We found that 31.5% of children who suffer from FA in a specialty clinic in New York report that they were bullied or harassed related to the FA, which frequently involves threats with food, and 45.4% report bullying or harassment due to any reason. It is difficult to compare our results to those that were reported in other studies of bullying, both because of the variable methods that are used to measure bullying as well as because of the unique characteristics of our sample. The rate reported in a study that used a similar measure to ours in school-age children in Norway was 31.8%.9
Population studies using different methodologies revealed bullying rates of ~17% to 35%,7,9–11,14
which should be compared with our reported rate of 45.4% of bullying for any reason. Although we acknowledge the limitation inherent in comparing between different methodologies or demographics, our findings suggest that food-allergic children who were seen in our clinic were bullied or harassed more frequently, as compared with the general population.
This finding, although alarming, is not surprising, given that children with FA have a vulnerability that can be easily exploited (ie, by a threat to throw the offending food item at the child), in addition to any additional vulnerability that they may have. The prevalence of bullying in children with special health care needs in the United States was reported to be 42.9%,26
which is consistent with our finding. We further found a clear association between reports of bullying, increased distress, and lower QoL, both for children and for their parents, and this association was independent of the severity of the allergy. Bullying related to FA was associated with as much decline in QoL and distress as any other type of bullying in our sample (it is a significant threat).
We found that repeated bullying is associated with lesser QoL and more distress in the victim as compared with less persistent bullying, but less frequent incidents were still associated with reduced QoL and distress as compared with no bullying at all. Since even infrequent bullying was associated with lower QoL, we believe that one should not wait for incidents to repeat to address them, a point that is increasingly recognized by the US legislature.12,13
In our sample, when children were bullied, their parents reported more distress and lower QoL. Interestingly, when the child was bullied but the parents did not know about it, the parents’ distress level was lower and their QoL was better as compared with parents who did know. This suggests that knowledge that their child is harassed, not the harassment itself, is the important determinant of parental QoL. Conversely, we found that children’s QoL is better, and their anxiety less pronounced, when their parents knew about the bullying. This result lends empirical support to the recommendation that to reduce the impact of bullying one should “Help the child identify bullying as well as how and to whom to report it.”27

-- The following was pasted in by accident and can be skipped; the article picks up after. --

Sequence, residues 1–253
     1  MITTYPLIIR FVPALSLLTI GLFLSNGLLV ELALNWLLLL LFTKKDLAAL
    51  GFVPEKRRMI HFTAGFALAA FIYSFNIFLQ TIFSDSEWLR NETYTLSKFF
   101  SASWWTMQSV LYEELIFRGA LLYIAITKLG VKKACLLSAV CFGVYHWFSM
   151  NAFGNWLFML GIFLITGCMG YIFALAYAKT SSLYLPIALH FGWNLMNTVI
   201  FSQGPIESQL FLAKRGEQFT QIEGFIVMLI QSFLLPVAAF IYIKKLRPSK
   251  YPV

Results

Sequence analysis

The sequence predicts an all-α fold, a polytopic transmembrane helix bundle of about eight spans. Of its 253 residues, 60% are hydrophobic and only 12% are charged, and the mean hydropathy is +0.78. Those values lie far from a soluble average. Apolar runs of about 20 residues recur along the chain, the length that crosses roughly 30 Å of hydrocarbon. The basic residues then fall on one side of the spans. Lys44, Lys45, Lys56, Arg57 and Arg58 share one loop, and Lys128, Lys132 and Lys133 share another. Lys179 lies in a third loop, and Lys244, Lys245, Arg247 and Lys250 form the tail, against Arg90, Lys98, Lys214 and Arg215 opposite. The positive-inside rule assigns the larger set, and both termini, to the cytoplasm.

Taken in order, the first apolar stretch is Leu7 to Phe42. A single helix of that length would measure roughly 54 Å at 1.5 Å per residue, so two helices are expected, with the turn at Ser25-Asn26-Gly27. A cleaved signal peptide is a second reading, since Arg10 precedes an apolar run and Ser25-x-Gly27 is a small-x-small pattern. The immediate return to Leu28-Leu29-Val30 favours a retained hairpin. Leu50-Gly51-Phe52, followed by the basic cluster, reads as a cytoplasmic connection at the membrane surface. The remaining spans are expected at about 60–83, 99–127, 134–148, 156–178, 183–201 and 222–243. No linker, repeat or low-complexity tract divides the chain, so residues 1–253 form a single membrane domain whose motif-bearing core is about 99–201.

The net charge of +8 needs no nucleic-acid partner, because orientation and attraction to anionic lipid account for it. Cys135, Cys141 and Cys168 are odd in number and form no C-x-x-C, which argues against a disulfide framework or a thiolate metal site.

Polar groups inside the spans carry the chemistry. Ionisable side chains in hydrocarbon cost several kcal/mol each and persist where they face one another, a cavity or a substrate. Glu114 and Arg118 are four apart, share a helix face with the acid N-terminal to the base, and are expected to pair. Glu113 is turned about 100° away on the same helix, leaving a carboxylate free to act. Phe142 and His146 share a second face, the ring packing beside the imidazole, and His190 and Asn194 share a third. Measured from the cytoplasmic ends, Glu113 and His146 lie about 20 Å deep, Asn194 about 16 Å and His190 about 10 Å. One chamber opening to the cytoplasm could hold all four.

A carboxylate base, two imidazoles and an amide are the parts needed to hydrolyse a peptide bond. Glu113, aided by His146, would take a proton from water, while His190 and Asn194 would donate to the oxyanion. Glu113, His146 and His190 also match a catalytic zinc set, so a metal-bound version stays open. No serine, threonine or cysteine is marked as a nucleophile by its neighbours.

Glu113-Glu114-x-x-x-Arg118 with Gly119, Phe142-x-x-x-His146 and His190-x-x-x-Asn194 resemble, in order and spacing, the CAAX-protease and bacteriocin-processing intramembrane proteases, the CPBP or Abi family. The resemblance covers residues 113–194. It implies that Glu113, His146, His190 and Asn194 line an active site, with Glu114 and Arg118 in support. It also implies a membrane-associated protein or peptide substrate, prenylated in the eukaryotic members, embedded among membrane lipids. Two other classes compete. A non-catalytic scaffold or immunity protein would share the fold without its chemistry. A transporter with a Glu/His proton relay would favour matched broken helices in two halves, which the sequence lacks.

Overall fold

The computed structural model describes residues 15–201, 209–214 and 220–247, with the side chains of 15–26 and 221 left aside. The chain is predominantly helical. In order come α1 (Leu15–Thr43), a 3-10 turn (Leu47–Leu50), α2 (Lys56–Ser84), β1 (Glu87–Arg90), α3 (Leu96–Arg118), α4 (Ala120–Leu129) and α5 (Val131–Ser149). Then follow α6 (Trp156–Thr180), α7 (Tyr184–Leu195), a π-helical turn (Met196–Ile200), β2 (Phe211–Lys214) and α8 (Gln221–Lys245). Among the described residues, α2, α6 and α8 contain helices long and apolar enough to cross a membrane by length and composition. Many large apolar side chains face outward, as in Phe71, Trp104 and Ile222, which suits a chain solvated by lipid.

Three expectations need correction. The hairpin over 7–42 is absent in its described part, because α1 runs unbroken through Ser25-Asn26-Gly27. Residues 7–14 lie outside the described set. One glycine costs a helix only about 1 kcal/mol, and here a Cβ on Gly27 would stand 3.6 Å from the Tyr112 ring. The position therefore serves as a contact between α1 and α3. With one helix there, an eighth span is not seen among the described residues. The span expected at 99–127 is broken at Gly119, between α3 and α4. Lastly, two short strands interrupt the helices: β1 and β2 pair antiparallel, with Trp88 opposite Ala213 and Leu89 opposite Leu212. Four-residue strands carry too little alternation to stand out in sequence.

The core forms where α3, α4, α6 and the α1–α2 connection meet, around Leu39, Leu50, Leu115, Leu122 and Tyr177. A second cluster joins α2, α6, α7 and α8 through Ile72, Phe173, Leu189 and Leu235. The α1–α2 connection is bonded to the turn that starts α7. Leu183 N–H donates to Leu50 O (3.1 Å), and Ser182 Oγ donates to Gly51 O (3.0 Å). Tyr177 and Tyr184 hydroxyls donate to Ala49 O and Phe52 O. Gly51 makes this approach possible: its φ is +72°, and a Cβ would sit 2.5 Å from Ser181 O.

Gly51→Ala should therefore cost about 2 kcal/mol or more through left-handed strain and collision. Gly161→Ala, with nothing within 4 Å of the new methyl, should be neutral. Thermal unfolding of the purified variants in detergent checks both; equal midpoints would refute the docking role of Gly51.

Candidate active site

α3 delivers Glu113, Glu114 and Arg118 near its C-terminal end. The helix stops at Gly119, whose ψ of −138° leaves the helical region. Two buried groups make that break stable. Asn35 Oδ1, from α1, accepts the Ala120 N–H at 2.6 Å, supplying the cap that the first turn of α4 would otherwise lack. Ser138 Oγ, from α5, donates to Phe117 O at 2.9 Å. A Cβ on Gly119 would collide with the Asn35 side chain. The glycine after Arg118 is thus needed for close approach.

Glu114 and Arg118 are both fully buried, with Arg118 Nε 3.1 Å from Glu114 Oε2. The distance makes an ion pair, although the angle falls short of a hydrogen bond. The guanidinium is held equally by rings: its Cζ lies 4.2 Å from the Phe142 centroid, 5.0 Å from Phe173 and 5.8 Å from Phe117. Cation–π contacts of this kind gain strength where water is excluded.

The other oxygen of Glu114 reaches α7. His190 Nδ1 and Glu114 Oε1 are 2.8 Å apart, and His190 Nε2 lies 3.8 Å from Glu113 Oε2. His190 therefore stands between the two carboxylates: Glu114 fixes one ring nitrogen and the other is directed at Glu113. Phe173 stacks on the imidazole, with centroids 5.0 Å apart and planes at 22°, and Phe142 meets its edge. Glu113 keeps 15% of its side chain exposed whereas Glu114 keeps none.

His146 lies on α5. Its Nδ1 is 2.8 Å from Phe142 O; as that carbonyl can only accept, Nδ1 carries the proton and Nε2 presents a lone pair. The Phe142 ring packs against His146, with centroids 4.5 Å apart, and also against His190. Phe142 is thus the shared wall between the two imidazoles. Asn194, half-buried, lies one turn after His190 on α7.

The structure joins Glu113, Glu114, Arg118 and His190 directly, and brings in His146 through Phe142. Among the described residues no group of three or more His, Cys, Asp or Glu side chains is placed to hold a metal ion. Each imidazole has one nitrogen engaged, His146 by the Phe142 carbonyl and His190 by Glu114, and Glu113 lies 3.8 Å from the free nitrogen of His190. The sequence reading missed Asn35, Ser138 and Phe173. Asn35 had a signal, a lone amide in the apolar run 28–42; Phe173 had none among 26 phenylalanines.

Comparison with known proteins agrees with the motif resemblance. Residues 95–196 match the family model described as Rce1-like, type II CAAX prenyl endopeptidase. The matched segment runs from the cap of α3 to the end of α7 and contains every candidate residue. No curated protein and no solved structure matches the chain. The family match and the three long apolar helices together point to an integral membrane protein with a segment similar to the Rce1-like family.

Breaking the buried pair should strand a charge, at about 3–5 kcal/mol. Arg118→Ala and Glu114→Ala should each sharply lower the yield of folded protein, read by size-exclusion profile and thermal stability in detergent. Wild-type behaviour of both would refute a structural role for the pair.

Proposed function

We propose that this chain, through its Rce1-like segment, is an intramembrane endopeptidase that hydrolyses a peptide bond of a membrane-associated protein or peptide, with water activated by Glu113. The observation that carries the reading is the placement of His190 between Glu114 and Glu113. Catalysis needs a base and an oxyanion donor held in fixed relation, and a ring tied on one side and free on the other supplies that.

The κ statistic indicated a weak agreement between parents’ and children’s reports about bullying for reasons other than FA, and a better (moderate) agreement regarding FA-related bullying. But even a moderate agreement is not reassuring: in victims of FA-related bullying, parents were still unaware of child-reported bullying ~50% of the time in our sample.
Several limitations of our survey must be acknowledged. First, although self-reported information about bullying is commonly used,10
self-reports may introduce bias. Our study elicited self-reported bullying by parents and their children, but we were not able to ask for independent verification from teachers or other students. Second, although we tried to separately look at bullying for any reason and bullying related to FA, there is a risk that some respondents, especially young children, may not have been able to distinguish between the 2. Our “incomplete” rates (reported in the tables), although low, may be related to this complexity. Third, although this is a representative sample of our FA referral clinic, the respondents’ demographic mix is not representative of the general US population, and they may overall represent a more severe phenotype of FA. For example, the finding that Hispanic patients were more likely to report bullying in our survey suggests a relationship between ethnicity and bullying, but a broader ethnic representation is required to verify whether such an association in fact exists. Fourth, we do not have a control group of children who are not food-allergic but demographically similar to ours; therefore, comparisons that we present between our results to those observed with children without FA may be incomplete in that those other studies might have enrolled children whose baseline demographic characteristics are different from our cohort.
Notwithstanding those limitations, we found that bullying related to FA was common in our sample and is associated with decreased QoL and increased distress in both parents and the targeted children. We also found that much of this bullying remains unknown to parents, but that when parents do know, children report a better QoL and less anxiety. We found that bullying is a significant problem in children with FA who were seen in our clinic. Our clinic population is skewed toward more affluent white families, who would be expected to be less vulnerable to bullying.28,29
It is, therefore, likely that our findings, alarming as they may already be, may still underestimate the true rate of bullying experienced by food allergic children. There is a need to increase the likelihood that children disclose bullying; clinicians might consider asking a screening question about bullying during encounters with children with FA.